Gibraltar minister appeals to EU and UK to find solution to border issue with Spain

Written by Martin Banks on 18 February 2020 in News
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Joseph Garcia said the aim of the talks between the EU and UK, set to start next month, should be  to find “frictionless border processes.”

Photo credit: Fotolia


Gibraltar’s Deputy Chief Minister said that as a small territory of 32,000 people, Gibraltar is often overlooked, but pointed out, "it is Brexit’s other land border.”

Addressing a briefing at the European Policy Centre in Brussels on Monday, he said, “Technically there are three Brexit land borders with the EU which the UK is ultimately responsible for.”

These are the borders between the Republic of Ireland and Northern Ireland, the border between the Republic of Cyprus and the UK sovereign bases on the Island, and the border between Gibraltar and Spain.


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Speaking on the issue of “Brexit’s other land border,” Garcia, also Minister for Europe in Gibraltar, said, “After 47 years of EU membership, and despite our emphatic support for the preservation of our relationship with the EU we have accompanied the UK as it left political Europe.”

“I would suggest that in the discussions to come Gibraltar should not be the victim of Brexit. The people of Gibraltar do not deserve that. A pragmatic, well-balanced, and a sensible solution to the border issue is as much in the interest of the neighbouring Spanish region as it is in the interest of Gibraltar.”

When considering solutions  to the border issue, he said, “First of all, I think it is important to state that a solution for the border between Spain and Gibraltar would have zero impact on the UK itself.  There are already customs and immigration controls between Gibraltar and the UK."

"A pragmatic, well-balanced, and a sensible solution to the border issue is as much in the interest of the neighbouring Spanish region as it is in the interest of Gibraltar" Joseph Garcia

"This means that the land border between Gibraltar and Spain would not become a soft underbelly for those wanting to illegally enter the Schengen Area from the UK or vice versa.”

Garcia, first elected in 1999, noted that the UK Government has “always supported arrangements at the border with Spain which promote fluidity and shared prosperity in the region.”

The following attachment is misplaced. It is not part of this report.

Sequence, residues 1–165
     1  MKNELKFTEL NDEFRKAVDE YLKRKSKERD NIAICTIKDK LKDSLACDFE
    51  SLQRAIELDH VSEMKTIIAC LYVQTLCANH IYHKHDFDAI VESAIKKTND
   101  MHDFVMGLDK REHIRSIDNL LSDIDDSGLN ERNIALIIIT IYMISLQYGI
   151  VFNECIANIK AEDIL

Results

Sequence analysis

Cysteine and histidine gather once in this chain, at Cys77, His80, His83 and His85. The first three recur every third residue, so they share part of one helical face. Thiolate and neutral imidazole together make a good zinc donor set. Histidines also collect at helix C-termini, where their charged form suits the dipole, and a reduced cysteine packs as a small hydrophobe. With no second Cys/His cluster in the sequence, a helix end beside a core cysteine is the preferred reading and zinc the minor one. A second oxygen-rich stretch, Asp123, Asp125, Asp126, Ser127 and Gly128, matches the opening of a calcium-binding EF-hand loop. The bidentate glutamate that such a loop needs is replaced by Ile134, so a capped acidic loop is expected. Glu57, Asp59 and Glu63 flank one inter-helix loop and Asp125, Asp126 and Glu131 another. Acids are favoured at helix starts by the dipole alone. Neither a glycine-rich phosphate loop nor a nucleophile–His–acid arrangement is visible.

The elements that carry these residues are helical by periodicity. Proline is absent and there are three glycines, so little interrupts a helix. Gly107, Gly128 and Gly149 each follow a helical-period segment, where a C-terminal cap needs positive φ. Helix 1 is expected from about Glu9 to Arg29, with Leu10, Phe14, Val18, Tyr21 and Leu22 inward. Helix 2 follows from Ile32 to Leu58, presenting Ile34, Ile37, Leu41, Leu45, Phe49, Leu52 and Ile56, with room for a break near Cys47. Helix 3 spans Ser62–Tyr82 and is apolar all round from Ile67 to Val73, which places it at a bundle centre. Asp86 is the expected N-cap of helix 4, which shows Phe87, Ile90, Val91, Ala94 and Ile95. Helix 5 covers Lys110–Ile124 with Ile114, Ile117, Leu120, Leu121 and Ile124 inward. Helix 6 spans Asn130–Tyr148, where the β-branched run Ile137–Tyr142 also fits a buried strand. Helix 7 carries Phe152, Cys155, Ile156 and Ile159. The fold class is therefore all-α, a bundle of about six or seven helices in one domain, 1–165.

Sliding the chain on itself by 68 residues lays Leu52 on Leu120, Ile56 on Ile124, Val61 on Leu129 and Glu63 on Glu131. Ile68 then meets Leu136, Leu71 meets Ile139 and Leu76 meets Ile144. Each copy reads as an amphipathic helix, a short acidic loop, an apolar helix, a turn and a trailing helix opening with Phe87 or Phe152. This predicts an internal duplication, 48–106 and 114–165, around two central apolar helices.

With talks about to start between the UK and EU on a future relationship, Garcia added, “If the political will is there on the EU side, legal solutions will follow. It is politics that drives the law and not the other way around.”

Garcia told the audience, “One possibility is that of a common travel area between Gibraltar and the EU. Indeed, for those listening carefully five years ago, I mentioned this as a possibility. Being outside the EU is not a bar to fluid travel across EU borders.”

"If frictionless border processes are what we all want, there is no need to  reinvent the wheel – the solution already exists and there are other potential solutions too in EU law already” Joseph Garcia

He cited Switzerland, Liechtenstein and Iceland as examples of non-EU Schengen states, while Monaco, San Marino and Andorra also benefit from facilitated border arrangements with the EU.

“If frictionless border processes are what we all want, there is no need to  reinvent the wheel – the solution already exists and there are other potential solutions too in EU law already.”

He went on, “We need to genuinely seize this moment to obliterate the politics of the  past. But the mind-set must move from the negative to the positive and away from talk of vetoes and of exclusions. This is because citizens want to hear solutions and not threats and because 1 January 2021 is just round the corner."

"This is important for the person who relies on the border to feed their family; for the company whose business in Spain is sustained by customers from Gibraltar; for the many entities that now earn millions of euros exporting to Gibraltar; for residents on both sides of the border; for those with friends and family on the other side and for those genuinely concerned about their future.”

“It is only with a future agreement that is good for Gibraltar that those concerns will be allayed.”

He concluded, “What is good for Gibraltar is good for the surrounding region. We are at a historic moment, and whilst the challenges are great so too are the opportunities.”

“Let me repeat: Border fluidity for all equals shared prosperity for all.”

About the author

Martin Banks is a senior reporter at The Parliament Magazine

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